Wickrematunge, on his way to the office had asked his driver to meet him in Nugegoda. He handed over to him some documents and then proceeded towards office.

Deadly journey

It would turn out to be the deadliest ride to work he would ever take.

His wife meanwhile not 15 minutes after they parted was to hear the dreaded news and quickly rush to the Kalubowila Hospital. The driver too, received the news through an employee at the Leader office.

One of the people, who witnessed the attack on The Sunday Leader Editor, Lasantha Wickrematunge and volunteered to take him to the Kalubowila Hospital said that he was checking a stock of printing goods prepared for delivery that day when the incident happened.

He (name withheld on request) said he came out of his office on Attidiya Road, upon seeing a lot of activity on the road.

Black bikes

"I saw some motorbikes speeding off and people started to move towards a car that was parked on the other side of the road. I too walked towards the car and saw that the window on one side was smashed with damage to the main windscreen as well," he said.

He had then peered into the vehicle and found a person lying across the two front seats.

"I saw that he was finding it difficult to breathe. Then I called on some of the people standing around to carry him to a van that was there. We carried him into the van. He was bleeding heavily from the head," he said.

The eyewitness said that while Wickrematunge was being taken to hospital, his mobile phone, which he had been holding on to firmly, had started to ring.

Phone call

"The phone rang. Since I was holding the injured person with another, the person on the front passenger seat answered the phone and told the caller that if he knew the owner of the phone, to come to the Kalubowila Hospital immediately," he said.

Amidst all the chaos, it was not till the van reached the hospital that they all realised that the injured man in the vehicle was none other than Lasantha Wickrematunge.

"We have always admired him as a fearless man who stood for the rights of the people. We were all sad to find out that it was this man who was shot," the eyewitness said.

Nadhan, driver of the van that took Wickrematunge to the hospital said that he was on his way to Avissawella for a delivery when the van was held up in a traffic jam in Attidiya.

"We saw people surrounding a car, but they looked afraid to go near. They may have been afraid to get close as it was a shooting incident," he said.

Nadhan said that while most people looked on, vehicles passed by without even stopping to have a second look.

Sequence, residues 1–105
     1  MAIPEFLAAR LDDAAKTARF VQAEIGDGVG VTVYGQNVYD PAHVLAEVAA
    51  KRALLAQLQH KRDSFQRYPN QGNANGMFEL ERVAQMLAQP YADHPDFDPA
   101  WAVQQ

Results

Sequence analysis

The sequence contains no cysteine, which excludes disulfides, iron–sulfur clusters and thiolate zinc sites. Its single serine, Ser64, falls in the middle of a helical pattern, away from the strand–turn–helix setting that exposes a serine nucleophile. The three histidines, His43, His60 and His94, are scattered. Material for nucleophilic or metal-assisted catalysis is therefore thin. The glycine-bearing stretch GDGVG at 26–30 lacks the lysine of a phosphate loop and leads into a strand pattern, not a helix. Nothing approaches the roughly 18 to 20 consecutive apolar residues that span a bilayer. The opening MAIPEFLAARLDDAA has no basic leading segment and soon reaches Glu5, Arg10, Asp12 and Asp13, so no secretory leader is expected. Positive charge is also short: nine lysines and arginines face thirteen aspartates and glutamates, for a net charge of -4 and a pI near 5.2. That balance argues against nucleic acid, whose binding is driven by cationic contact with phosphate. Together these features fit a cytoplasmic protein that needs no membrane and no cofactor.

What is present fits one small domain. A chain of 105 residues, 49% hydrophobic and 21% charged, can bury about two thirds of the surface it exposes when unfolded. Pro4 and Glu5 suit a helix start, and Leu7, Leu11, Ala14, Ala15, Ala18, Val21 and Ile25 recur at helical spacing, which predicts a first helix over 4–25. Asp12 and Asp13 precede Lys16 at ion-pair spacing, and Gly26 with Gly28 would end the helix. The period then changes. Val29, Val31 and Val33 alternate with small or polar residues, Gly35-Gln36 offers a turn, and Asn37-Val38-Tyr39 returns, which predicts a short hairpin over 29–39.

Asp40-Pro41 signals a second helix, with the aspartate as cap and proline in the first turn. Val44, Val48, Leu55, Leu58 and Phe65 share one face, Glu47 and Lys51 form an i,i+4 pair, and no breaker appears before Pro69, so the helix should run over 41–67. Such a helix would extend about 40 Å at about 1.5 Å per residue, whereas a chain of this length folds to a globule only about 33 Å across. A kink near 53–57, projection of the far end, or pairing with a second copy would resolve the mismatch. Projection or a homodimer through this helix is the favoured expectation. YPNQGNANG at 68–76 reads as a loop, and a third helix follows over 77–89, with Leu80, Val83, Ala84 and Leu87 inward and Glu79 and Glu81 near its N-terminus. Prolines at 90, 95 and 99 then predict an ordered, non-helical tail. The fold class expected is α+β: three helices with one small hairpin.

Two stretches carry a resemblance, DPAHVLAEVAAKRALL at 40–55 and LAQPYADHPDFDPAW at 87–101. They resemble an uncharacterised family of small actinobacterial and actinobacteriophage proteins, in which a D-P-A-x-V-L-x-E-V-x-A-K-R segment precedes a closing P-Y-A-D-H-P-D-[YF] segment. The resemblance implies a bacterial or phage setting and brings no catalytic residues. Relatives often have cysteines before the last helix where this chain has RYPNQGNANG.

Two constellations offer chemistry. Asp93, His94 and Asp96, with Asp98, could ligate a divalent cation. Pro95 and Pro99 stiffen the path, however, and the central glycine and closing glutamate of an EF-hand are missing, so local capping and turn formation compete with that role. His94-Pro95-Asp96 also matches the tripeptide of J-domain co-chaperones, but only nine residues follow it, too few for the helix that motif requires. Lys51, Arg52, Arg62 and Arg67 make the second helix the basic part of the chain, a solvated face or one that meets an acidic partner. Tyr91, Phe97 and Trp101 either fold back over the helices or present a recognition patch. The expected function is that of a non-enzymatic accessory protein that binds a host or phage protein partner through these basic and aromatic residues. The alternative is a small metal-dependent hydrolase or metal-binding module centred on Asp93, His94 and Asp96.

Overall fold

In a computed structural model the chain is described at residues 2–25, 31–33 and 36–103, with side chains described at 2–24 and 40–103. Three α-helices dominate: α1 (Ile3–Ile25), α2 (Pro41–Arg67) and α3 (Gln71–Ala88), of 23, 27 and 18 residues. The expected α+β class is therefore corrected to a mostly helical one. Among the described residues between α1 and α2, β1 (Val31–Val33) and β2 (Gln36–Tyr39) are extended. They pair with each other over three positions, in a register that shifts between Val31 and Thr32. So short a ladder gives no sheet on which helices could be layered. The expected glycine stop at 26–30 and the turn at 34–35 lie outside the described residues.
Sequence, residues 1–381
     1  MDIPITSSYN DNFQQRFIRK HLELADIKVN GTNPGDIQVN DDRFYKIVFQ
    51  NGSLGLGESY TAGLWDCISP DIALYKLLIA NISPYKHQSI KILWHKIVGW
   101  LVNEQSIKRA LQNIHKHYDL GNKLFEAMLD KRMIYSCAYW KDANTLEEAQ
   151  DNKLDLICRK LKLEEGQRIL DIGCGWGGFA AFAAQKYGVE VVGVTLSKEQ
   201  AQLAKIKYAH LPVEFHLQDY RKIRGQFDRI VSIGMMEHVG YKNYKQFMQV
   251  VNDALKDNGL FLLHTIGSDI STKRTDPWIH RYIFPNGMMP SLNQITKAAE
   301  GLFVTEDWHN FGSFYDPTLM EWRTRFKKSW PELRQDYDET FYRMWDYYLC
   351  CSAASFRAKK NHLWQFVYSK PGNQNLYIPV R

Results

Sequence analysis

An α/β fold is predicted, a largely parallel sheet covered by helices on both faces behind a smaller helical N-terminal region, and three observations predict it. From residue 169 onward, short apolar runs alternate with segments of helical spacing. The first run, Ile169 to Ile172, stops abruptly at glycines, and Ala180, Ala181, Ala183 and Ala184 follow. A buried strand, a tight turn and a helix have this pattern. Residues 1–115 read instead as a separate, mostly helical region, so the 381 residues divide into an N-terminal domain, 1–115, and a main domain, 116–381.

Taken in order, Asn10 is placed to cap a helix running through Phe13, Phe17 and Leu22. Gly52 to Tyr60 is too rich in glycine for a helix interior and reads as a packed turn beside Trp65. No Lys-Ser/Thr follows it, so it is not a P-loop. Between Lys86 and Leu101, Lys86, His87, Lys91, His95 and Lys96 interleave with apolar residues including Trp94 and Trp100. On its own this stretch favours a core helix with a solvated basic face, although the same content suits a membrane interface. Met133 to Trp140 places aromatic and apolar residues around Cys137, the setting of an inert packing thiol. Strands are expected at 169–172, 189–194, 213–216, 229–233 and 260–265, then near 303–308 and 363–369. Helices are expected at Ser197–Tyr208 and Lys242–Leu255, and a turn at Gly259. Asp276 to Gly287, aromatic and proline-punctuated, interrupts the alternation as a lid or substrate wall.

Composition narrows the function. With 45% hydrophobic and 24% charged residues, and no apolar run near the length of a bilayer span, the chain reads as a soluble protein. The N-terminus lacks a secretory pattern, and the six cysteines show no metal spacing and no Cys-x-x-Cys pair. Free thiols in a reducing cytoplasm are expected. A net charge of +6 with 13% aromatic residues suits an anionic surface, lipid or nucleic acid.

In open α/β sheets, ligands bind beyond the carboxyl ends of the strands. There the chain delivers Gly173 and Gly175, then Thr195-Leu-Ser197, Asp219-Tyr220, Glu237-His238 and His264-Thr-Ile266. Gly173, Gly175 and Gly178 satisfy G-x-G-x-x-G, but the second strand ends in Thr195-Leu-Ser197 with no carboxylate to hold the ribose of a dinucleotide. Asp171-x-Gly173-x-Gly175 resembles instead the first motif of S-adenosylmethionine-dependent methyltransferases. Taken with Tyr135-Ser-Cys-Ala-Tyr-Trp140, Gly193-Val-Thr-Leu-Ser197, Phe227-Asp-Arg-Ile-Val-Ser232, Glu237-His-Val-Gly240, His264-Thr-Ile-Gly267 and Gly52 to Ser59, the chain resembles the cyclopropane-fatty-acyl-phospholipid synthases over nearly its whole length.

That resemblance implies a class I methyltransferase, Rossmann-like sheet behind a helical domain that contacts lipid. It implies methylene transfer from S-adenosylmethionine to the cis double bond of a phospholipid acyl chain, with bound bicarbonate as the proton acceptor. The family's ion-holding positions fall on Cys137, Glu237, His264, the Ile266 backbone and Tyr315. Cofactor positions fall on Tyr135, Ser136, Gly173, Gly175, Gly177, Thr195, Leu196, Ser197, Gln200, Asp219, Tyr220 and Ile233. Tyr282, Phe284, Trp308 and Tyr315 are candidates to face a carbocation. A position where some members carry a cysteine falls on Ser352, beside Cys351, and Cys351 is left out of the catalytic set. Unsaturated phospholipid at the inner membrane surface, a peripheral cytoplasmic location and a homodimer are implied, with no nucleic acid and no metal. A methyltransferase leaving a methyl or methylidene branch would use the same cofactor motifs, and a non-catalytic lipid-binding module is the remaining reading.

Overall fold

Rushed to hospital

"We stopped to look and when we heard there was an injured person , we allowed the people to carry him to our van. Along with two other people and my sales manager, we drove straight to the Kalubowila Hospital," he said.

Like the other eyewitnesses, Nadhan also recognised the victim only upon reaching the hospital.

"When Wickrematunge's phone rang in the vehicle, we informed the caller of the incident."

One of the others who saw the incident as Wickrematunge was being taken into the van was Lakmal Nanayakkara, who works at Irudina, The Sunday Leader's sister paper. "I was in the bus getting ready to get off when the bus all of sudden got stuck in traffic," he said.

"First I thought it was an accident, then we realised that something else would have happened when we saw a man dressed in dark trouser was taken into a van, injured. I saw his head move inside the car when the people opened the door. I saw the vehicle and called office and asked Mr. Mohan (Lal Piyadasa, editor of the Irudina) whether Mr. Lasantha was in office, whether his car was there. He said no. Then I told him that there was a shooting and Mr. Lasantha was being taken to hospital. I got off the bus and tried to get in the van that was taking him but I could not."

Efforts failed

Director, Colombo South Teaching (Kalubowila) Hospital, Dr. Anil Jasinghe said that all efforts made by the medical staff at the hospital and the other specialists brought into help Wickrematunge were not fruitful due to the severe injuries sustained by the victim to his head.

After three hours of extensive surgery, Lasantha succumbed to his injuries at around 2.30 p.m. last Thursday (8).

Meanwhile, Police Media Spokesperson, SSP Ranjith Gunasekera told The Sunday Leader that the IGP had assigned four teams to investigate into Wickrematunge's assassination.

He added that the teams have found some clues that would lead to the suspects. However, he said that he had not yet been given a detailed report, as the investigating teams did not want details to be revealed since it would hamper the progress of the investigation.

He said that SSP Mt Lavinia Police was heading the four teams.